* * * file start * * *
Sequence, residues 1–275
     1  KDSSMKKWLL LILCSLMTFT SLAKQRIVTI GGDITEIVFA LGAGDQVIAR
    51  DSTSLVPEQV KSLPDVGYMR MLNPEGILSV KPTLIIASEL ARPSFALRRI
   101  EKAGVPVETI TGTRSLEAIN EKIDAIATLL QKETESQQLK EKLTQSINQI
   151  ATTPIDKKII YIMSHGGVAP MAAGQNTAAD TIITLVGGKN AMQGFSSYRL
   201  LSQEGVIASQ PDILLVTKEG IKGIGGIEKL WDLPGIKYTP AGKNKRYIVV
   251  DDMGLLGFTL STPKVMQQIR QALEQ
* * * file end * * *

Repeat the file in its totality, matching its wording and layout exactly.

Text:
Sequence, residues 1–275
     1  KDSSMKKWLL LILCSLMTFT SLAKQRIVTI GGDITEIVFA LGAGDQVIAR
    51  DSTSLVPEQV KSLPDVGYMR MLNPEGILSV KPTLIIASEL ARPSFALRRI
   101  EKAGVPVETI TGTRSLEAIN EKIDAIATLL QKETESQQLK EKLTQSINQI
   151  ATTPIDKKII YIMSHGGVAP MAAGQNTAAD TIITLVGGKN AMQGFSSYRL
   201  LSQEGVIASQ PDILLVTKEG IKGIGGIEKL WDLPGIKYTP AGKNKRYIVV
   251  DDMGLLGFTL STPKVMQQIR QALEQ